According to Matt Bellamy of Muse, we live in a nightmarish age of the digital panopticon, the end of the world is nigh, relationships are hard and outer space is a pretty bad place? Heavy emphasis on the question mark. These motifs came via a multi-media experience on Sunday night, when Muse opened to a polite and excitable crowd of thousands at the Wells-Fargo center in Philadelphia. The music was relentless and the showmanship consummate– the band turning in a fantastic performance in spite of failing to establish a personal connection with the audience at large.
Anecdotally, the crowd drawn in for the British rock outfit last evening was well coiffed white men in their 20s to 30s, doing their best to ignore being a minority– outnumbered by excitable teenage girls clad mostly in black with bewildered parents in tow. The arena filled to half capacity as the house lights went down promptly at 7:30 p.m. and the members of the Ithaca, New York based rock group X Ambassadors charged to the stage. Singer Sam Harris, clad in black with white high-top sneakers pumped up the crowd, happily pandering to the Philadelphia audience with references to south Philly cheesesteak joints.
Meanwhile a saxophone poised tantalizingly in a stand on the edge of the stage– the musical equivalent of Chekhov’s gun. The band blitzed through a handful of songs off their popular new album VHS, including “Unsteady,” “Hang On” and the album’s radio single, “Renegade.” X Ambassadors’ actual sound recalls Imagine Dragon’s stutter-stop anthem like quality, though highly sanitized and lacking bite. Harris is an unquestionably talented lead vocalist despite this and the moment the saxophone left the stand the audience roared in approval. Afterwards, overheard in the merchandise line at intermission (delivered in hallmark south Philly drawl),
“I saw those guys in Valley Forge last year and they sucked then too!”
Ah, the City of Brotherly love.
Shortly after the main event commenced, Muse’s entrance heralded by massive glowing orbs descending from the ceiling while futuristically armored jack-booted thugs marched in to secure the stage’s perimeter. Without so much as acknowledging the audience, the three part band (plus guest keyboardist) helmed by singer/pianist/lead guitarist Matt Bellamy launched into “Psycho,” a propulsive, driving screed damning the military-industrial complex with cribbed audio clips from the film “Full Metal Jacket.”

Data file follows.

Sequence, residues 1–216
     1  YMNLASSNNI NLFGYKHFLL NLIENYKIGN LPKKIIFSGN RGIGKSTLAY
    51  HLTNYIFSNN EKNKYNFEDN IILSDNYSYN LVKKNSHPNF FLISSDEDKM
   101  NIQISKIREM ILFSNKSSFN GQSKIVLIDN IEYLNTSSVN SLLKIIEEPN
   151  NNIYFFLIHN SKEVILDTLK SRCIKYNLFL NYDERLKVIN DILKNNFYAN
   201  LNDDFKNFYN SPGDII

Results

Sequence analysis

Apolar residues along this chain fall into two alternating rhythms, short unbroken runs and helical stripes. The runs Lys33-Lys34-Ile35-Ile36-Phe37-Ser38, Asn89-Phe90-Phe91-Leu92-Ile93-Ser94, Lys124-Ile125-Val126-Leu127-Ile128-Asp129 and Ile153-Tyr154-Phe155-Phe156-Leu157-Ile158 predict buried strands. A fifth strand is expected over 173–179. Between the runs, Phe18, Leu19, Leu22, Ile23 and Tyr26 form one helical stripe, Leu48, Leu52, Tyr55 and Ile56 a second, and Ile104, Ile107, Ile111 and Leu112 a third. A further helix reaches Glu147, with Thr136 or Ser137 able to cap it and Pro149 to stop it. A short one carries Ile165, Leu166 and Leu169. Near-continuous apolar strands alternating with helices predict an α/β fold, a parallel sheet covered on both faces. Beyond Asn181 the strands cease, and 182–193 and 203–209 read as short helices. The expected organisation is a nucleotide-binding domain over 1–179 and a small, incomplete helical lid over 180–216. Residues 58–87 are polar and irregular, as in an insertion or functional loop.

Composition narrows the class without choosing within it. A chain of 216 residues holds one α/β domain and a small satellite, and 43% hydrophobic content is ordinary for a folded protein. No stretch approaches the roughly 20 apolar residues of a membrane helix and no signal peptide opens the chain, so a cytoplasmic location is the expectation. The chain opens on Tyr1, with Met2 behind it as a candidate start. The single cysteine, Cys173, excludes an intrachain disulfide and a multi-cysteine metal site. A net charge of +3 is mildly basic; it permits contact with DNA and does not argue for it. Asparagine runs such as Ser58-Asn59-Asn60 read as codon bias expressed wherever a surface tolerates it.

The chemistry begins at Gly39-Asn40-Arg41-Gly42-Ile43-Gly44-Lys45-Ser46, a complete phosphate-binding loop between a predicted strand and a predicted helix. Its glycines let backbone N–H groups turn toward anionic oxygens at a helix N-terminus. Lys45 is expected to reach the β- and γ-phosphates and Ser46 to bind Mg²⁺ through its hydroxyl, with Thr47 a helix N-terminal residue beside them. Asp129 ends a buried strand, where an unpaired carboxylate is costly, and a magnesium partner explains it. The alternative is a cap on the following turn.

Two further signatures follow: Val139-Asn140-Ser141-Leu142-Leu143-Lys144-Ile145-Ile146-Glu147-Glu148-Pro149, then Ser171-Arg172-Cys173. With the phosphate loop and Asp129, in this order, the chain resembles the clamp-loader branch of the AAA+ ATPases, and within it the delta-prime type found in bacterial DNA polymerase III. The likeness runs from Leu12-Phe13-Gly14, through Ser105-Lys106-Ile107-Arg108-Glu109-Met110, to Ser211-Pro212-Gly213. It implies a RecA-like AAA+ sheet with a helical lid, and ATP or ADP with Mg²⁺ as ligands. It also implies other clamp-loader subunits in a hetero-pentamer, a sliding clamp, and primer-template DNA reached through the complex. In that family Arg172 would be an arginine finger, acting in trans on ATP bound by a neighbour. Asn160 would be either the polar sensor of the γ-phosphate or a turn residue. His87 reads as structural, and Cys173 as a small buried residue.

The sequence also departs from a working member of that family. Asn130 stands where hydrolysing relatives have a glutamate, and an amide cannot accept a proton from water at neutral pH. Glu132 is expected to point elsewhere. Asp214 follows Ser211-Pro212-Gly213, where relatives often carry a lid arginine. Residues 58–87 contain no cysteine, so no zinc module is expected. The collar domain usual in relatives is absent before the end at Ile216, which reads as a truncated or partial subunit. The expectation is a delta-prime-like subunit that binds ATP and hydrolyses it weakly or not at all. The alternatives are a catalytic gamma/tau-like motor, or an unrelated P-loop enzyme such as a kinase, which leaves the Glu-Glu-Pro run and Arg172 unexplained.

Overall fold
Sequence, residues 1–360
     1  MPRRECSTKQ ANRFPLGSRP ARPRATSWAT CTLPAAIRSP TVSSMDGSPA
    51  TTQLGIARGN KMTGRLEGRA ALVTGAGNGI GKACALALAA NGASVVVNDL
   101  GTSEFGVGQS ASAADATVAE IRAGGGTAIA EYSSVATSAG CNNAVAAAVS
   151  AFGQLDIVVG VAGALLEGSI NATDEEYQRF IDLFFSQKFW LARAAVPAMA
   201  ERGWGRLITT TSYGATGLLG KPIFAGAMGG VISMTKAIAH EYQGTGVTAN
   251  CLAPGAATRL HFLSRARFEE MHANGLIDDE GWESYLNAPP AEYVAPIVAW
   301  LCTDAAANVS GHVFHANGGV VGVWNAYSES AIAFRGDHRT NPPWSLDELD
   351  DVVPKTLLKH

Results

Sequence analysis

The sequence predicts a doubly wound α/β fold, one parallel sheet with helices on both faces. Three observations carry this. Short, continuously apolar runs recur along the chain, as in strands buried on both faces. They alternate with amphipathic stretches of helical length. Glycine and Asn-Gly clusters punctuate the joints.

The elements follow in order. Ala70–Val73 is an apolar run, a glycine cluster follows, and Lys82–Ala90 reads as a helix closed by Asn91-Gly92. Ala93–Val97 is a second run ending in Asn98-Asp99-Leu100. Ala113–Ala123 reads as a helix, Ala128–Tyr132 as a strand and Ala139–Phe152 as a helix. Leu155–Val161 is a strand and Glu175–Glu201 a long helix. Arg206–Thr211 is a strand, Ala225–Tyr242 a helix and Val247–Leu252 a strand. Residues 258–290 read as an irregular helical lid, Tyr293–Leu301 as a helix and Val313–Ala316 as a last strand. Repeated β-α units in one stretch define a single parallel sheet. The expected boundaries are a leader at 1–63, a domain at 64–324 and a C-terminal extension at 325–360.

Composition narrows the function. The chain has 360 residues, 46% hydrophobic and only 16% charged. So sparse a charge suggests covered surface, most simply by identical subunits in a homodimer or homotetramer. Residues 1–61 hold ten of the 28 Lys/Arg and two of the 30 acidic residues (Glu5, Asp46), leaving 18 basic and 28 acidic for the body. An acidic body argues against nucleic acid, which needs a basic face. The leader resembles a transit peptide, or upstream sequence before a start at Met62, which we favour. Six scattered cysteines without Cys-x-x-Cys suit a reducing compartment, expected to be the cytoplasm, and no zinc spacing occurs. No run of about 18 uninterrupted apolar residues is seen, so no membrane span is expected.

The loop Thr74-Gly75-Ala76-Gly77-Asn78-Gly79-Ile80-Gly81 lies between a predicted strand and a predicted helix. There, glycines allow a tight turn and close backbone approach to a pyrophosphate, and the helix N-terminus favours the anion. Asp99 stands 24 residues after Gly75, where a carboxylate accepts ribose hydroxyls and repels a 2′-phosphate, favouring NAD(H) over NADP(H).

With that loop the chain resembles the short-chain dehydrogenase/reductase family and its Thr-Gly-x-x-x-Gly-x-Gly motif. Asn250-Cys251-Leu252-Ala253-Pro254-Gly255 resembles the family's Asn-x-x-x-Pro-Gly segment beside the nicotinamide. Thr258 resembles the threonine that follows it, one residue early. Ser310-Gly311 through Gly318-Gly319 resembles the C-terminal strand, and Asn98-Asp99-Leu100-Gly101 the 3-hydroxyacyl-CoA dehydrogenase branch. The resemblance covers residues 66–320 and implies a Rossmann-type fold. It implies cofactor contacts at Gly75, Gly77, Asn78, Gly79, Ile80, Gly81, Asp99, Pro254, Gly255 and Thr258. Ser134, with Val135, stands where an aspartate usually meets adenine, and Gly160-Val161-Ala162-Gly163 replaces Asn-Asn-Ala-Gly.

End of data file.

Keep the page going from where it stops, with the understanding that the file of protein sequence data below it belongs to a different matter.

The same description could be used for much of Muse’s latter day songs– so earnestly anti-war, so paradoxically surveillance state that their forward facing politics and agenda can read as embarrassingly simple. Yet the message is delivered wrapped in such musical virtuosity, soaring Freddie Mercury-esque vocals from Bellamy, and hard charging bass lines from Chris Wolstenholme that it is easy to forgive the band’s lyrical tendencies towards the histrionic.
Muse is a curious act, having found marginal success in the United States, yet like so many talented musicians, preposterously famous in the rest of the civilized world. Their success is not without merit, as their darkly melancholic hard rock sound combined with Bellamy’s sweepingly operatic voice and robust lyrics are an infectious guilty pleasure of the highest order.
Muse’s stop in Philadelphia last evening represented their twenty-sixth show in North America on tour for their newest album “Drones” and was their second to last stateside before returning to Europe for the next leg. The show itself is a tightly orchestrated bombastic multi-media experience with as much emphasis placed on the visuals accompanying the concept album as the music– enormous floor-to-ceiling opaque screens displayed troubling visuals from outer space, ICBM stock footage, and CG-biomechanical nightmares all before culminating in depicting the end of the world as we know it.
Meanwhile, the band played for a consecutive two hours with only the most momentary pause for Bellamy to shout “How you doin’ Philadelphia,” before ripping back into the tightly choreographed set. Before the evening was through, the band delivered the majority of tracks off the Drones album such as “Dead Inside” as well as many other mega-hits from their catalogue including “Hysteria,” “Supermassive Black Hole,” and “Apocalypse Please,” as well as a built-in double encore of “Knights of Cydonia” and “Mercy.” Curiously absent from the evening’s proceedings were actual drones, but as with most things Muse, that may or may not be a metaphor best enjoyed in passing and without too much scrutiny.